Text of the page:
Darryl Anders then took to the stage - this guy is a legend, playing with some of the biggest names in Funk, R&B, Soul, and the rest, as well as having a successful solo career. There was no-one better to show us all the stunning pedals that Dunlop, Way Huge & MXR have to offer for the bass players out there!
We spoke about how compression is key, the way the pedalboard-friendly MXR Thump Bass Pre-Amp pedal is a MUST for bass players on the move, how bass octavers can not only shake the room but also be super-musical and a secret weapon for some, and how to get that classic 70’s funk tone with the MXR Envelope Filter - you don’t have to use a Wah pedal!
Dagan brought everything back to his usual 80’s craziness by checking out a pedalboard of his idol Eddie Van Halen’s signature pedals! These pedals are a MUST for any Van Halen fan - the MXR Phase 90 EVH model has 2 distinct different Phasing sounds so you can toggle between new and vintage sounding Phasers, and of course the MXR EVH Flanger (with the ‘Unchained’ EVH switch) which instantly transports you to the front of the stage of a sold-out, screaming arena when you play the riff to ‘Unchained’ or ‘And The Cradle Will Rock’!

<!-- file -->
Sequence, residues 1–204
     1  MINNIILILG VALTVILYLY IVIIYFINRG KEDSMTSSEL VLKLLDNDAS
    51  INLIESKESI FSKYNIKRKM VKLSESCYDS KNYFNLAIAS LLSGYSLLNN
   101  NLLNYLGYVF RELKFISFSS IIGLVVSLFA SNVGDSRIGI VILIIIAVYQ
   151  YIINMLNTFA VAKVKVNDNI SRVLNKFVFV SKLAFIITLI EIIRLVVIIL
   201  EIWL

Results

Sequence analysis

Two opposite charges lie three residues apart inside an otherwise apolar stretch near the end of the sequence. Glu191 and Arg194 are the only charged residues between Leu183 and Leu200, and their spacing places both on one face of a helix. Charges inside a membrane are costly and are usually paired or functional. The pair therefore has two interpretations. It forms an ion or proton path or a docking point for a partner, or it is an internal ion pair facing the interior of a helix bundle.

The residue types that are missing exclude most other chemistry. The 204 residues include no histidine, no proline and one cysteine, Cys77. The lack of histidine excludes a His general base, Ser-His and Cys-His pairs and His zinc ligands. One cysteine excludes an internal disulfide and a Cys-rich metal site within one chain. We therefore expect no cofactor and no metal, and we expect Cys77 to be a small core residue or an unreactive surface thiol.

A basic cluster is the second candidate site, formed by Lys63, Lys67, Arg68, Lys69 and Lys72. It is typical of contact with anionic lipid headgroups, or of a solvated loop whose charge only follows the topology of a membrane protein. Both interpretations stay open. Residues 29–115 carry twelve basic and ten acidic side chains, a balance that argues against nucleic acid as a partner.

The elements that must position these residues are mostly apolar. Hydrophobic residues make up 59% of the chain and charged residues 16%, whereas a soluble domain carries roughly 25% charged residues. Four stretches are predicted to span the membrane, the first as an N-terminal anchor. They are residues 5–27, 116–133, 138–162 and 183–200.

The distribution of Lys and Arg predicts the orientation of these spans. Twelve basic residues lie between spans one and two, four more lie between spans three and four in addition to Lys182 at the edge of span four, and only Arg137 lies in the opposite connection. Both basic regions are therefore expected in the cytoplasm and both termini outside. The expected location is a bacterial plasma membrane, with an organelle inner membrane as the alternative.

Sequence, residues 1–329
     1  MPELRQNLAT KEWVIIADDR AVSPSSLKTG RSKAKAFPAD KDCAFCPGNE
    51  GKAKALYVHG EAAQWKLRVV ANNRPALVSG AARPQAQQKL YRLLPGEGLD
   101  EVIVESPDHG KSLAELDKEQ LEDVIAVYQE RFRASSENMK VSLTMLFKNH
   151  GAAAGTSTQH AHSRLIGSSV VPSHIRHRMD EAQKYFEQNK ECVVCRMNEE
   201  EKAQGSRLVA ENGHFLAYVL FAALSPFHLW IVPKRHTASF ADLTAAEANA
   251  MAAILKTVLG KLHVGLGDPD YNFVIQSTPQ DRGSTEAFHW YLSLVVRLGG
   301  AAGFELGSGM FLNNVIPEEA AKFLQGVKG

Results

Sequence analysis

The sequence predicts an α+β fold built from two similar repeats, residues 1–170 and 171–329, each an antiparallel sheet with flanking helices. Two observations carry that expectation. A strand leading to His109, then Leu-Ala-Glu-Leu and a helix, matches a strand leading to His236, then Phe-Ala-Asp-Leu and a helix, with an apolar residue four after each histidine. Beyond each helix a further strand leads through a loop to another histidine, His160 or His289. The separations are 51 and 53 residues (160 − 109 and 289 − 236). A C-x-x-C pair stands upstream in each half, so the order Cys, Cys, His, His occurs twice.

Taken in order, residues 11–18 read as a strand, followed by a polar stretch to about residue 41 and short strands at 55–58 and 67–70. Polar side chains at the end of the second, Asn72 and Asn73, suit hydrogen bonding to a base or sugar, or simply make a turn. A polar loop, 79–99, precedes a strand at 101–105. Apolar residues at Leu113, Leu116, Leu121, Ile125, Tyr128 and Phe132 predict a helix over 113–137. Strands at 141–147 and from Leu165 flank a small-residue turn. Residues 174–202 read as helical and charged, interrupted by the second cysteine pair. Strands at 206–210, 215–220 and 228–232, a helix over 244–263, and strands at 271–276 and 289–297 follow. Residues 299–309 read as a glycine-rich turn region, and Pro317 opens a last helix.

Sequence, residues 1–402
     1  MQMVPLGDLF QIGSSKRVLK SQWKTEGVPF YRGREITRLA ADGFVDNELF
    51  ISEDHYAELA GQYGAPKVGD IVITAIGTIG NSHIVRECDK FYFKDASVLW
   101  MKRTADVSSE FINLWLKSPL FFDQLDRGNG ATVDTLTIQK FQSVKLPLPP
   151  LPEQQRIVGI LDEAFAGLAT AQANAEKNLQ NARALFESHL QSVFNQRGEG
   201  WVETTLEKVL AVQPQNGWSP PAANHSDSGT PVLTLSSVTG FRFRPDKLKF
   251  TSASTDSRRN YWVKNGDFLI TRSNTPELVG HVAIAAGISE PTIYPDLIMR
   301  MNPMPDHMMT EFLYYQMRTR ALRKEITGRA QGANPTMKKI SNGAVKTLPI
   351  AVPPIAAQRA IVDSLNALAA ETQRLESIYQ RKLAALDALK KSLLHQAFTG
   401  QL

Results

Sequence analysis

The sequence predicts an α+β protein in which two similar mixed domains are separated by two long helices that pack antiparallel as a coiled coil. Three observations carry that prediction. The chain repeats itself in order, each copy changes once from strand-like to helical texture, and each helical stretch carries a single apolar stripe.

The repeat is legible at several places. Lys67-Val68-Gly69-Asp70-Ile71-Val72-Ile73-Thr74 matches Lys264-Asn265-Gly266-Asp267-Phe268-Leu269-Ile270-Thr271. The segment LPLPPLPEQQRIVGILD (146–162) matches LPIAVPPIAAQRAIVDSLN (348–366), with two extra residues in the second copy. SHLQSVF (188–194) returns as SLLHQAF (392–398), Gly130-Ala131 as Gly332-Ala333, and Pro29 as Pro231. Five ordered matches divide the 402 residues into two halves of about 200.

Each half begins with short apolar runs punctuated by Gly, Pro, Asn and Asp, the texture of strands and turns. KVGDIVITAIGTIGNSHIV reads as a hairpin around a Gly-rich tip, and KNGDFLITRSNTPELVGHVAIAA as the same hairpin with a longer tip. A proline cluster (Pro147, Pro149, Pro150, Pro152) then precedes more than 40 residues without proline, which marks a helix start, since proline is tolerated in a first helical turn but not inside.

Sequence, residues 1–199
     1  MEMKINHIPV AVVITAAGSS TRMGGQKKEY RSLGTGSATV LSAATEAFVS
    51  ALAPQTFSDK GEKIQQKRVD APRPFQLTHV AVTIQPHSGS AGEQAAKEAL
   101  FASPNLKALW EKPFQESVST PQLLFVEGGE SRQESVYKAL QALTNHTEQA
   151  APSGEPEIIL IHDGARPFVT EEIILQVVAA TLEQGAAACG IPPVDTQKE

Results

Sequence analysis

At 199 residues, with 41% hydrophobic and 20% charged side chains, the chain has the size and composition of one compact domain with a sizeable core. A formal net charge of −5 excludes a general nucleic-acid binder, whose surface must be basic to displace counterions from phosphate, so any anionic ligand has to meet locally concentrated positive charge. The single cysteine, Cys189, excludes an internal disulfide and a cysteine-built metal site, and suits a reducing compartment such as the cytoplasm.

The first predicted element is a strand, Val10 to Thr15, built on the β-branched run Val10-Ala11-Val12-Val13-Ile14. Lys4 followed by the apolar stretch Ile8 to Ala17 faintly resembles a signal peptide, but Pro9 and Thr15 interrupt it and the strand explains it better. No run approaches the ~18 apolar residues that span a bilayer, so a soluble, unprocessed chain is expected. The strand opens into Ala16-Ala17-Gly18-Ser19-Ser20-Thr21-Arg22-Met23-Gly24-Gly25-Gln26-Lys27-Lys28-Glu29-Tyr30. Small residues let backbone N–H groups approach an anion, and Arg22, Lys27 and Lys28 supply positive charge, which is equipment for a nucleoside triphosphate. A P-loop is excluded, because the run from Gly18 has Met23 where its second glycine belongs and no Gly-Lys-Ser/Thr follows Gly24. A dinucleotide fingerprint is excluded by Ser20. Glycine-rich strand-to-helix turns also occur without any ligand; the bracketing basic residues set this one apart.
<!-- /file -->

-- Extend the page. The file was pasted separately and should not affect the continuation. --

Ed worked extremely closely with the guys from MXR on these pedals, and was a very picky guy! There were a fair few prototypes until the final editions hit the shelves.
The same goes for his signature 5150 Overdrive and the 5150 Chorus. For example, the ‘Unchained’ setting on the Flanger isn’t someone at MXR’s adaption of what that tone is… It’s actually Eddie's setting, that he set meticulously with the Flanger! He was very hands-on.
We then ended with a sneak-peek of the Limited Edition colours of the Cry Baby Junior Wah Pedals (which are out now!). These pedals were made in collaboration with Pedaltrain to perfectly fit on a pedalboard, and they’re a nice in-between of the regular sized Crybaby Wah and the super compact Crybaby Mini. Jimi got the idea for these new designs from sneakers! The more subdued tan rubber and black housing on one, and the bright red rubber and contrasting white housing on the other!